The peering API defined in this document uses ASNs as primary identifiers to identify each party on a peering session besides other resources such as IP addresses. ASNs are explicitly expected in some API payloads but are also implicitly expected when making authorization business decisions such as listing resources that belong to an operator. Given that ASNs are Internet Number Resources assigned by RIRs and that the OAuth2 Authorization Server in use may not be operated by any of those RIRs, as it is the case of PeeringDB or any other commercial OAuth2 service, JWT claims that contain an ASN need be proved to be legitimately used by the initiator. This document proposes to attest ASN resource holdership using a mechanism based on RPKI ([RFC6480]) and in particular with the use of RPKI Signed Checklists (RSCs) ([RFC9323]).

JWT access tokens can be of two kinds, identifier-based tokens or self-contained tokens (Section 1.4 of [RFC6749]). Resource servers must validate them for every request. AS operators can hint other operators to validate whether a caller holds ownership of the ASN their request represent by issuing a signed checklist that is specific to the different validation methods as described below.

For Identifier-based access tokens, if the Authorization Server supports metadata, ASN holders must create a signed checklist that contains the well-known Authorization Server Metadata URI and a digest of the JSON document contained (Section 3 of [RFC8414]). If the authorization server does not support metadata, the signed checklist contains the token introspection URI and its digest.

Self-contained access tokens are cryptographically signed by the token issuer using a JSON Web Signature (JWS) ([RFC7515]). The cryptographic keys used for signature validation is exposed as a JSON Web Key (JWK) ([RFC7517]). ASN holders must create a signed checklist for the "jwks_uri" field of the Authorization Server Metadata URI and a digest of the JSON document contained (Section 3.2 of [RFC8414]).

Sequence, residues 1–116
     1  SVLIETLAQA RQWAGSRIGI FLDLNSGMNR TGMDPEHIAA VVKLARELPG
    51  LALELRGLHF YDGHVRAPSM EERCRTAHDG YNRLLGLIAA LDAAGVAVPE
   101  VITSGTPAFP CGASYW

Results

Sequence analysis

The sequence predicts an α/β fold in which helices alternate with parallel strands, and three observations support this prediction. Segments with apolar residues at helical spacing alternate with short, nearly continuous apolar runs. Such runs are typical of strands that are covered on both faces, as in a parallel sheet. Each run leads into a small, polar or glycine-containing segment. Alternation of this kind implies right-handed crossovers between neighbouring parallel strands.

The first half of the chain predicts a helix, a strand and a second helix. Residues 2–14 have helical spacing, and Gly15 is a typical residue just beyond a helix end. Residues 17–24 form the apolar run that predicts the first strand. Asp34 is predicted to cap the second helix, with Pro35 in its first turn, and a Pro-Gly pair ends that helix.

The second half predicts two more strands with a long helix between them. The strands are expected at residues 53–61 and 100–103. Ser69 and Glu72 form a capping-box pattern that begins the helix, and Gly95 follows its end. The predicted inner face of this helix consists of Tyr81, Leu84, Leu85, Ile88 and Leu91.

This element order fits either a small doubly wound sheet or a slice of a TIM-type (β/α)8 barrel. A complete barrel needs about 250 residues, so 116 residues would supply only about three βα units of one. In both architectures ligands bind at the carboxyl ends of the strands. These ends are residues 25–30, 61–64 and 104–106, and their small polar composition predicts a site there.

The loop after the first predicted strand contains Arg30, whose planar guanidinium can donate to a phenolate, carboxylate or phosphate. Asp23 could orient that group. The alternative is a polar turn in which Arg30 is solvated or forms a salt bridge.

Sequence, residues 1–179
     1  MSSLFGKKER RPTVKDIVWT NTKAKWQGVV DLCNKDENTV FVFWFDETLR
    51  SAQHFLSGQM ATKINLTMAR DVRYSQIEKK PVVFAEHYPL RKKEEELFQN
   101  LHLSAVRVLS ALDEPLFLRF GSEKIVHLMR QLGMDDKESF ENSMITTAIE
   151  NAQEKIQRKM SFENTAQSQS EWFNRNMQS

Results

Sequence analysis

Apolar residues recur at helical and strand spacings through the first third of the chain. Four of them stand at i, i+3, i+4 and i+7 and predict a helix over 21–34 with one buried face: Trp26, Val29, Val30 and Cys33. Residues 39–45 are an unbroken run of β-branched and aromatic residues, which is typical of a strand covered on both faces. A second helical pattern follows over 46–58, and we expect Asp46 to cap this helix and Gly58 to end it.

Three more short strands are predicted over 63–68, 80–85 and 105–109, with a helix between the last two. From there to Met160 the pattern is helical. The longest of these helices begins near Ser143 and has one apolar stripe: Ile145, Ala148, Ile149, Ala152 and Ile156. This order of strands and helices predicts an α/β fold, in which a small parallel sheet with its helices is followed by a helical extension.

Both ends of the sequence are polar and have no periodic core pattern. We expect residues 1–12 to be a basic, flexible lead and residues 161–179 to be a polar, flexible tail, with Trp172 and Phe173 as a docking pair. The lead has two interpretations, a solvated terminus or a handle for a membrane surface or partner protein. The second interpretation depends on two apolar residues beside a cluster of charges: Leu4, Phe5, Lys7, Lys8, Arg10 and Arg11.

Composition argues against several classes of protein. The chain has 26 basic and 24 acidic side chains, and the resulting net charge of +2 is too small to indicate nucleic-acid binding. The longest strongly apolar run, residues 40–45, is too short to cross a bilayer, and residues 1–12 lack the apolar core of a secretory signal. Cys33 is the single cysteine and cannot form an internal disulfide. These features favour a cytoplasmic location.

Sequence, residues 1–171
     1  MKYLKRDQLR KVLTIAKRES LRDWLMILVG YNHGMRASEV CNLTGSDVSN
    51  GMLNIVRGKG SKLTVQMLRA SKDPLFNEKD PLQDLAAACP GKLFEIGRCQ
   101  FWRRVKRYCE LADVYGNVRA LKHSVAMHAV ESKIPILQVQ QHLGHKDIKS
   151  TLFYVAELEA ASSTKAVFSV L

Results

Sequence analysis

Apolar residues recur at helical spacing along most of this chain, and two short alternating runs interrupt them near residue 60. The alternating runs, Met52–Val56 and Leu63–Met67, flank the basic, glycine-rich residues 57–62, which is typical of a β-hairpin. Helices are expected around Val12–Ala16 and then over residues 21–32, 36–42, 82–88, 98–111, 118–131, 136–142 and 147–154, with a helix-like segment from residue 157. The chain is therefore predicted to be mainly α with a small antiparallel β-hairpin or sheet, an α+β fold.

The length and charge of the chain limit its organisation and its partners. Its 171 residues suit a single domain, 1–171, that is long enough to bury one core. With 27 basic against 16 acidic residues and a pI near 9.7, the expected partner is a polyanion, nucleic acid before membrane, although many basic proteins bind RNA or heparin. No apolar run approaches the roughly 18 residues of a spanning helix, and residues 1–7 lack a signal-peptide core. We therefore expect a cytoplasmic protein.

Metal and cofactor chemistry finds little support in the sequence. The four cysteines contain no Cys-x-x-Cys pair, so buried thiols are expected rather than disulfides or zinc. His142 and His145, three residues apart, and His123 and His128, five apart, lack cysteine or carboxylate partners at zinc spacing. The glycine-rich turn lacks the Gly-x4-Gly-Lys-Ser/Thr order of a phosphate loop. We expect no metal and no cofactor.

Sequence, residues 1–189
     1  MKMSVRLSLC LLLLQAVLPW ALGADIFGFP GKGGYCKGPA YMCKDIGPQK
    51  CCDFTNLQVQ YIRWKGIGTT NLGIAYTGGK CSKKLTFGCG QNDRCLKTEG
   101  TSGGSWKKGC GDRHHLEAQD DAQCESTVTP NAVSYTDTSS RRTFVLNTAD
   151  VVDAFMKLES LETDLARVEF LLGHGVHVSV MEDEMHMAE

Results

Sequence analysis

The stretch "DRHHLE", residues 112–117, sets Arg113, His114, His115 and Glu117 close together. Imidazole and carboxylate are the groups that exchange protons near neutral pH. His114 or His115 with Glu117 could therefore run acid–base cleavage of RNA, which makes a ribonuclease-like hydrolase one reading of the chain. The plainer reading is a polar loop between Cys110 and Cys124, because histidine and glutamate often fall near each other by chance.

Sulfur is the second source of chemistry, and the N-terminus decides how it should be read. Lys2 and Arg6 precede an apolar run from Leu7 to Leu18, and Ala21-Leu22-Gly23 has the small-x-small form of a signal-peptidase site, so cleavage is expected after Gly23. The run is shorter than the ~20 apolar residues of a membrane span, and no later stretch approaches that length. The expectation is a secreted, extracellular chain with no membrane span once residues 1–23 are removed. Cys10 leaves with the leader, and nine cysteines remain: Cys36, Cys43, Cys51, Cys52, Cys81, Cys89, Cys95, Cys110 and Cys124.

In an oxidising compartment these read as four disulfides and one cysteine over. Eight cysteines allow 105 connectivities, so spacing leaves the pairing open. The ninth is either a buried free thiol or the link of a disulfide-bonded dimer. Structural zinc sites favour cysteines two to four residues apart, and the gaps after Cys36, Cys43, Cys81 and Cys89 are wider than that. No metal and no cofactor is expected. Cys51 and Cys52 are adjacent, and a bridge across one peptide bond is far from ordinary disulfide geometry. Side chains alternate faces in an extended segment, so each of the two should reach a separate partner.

Resource servers must validate the JWT access token in the following manner:

  • If the access token is identifier-based, the resource server must resolve what introspection endpoint to use for the given access token, that is, either resolved through the Authorization Server Metadata URI (Section 3 of [RFC8414]) or pre-configured upon registration in the absence of metadata support.

    • The resource server must verify the metadata URI and its content with a signed checklist issued by the ASN contained in the access token claims.

    • If the Authorization Server does not support metadata, the resource server must validate the introspection endpoint URI matches exactly the URI contained in a signed checklist issued by the ASN contained in the access token claims.

    • Upon successful signed checklist validation, resource servers must use the introspection endpoint for regular access token validation process ([RFC7662]).

  • If the access token is self-contained, the resource server must follow the regular validation process for signed access tokens (Section 5.2 of [RFC7515]).

    • After discovering the valid public keys used to sign the token, the resource server must validate that the JWKS URI where the public keys have been discovered, and the content of such JSON document referred by it, match the signed checklist issued by the ASN contained in the access token claims.

  • Resource servers must reject the request if any of these validations fail.

9.4. Request integrity and proof of possession

The API described in this document follows REST ([rest]) principles over an HTTP channel to model the transfer of requests and responses between peers. Implementations of this API should use the best common practices for the API transport ([RFC9325]) such as TLS. However, even in the presence of a TLS channel with OAuth2 bearer tokens alone, neither the client application nor the API can guarantee the end-to-end integrity of the message request or the authenticity of its content. One mechanism to add cryptographic integrity and authenticity validation can be the use a mutual authentication scheme to negotiate the parameters of the TLS channel. This requires the use of a web PKI ([RFC5280]) to carry claims for use in authorization controls, to bind such PKI to ASNs for proof of holdership, and the use of client certificates on the application.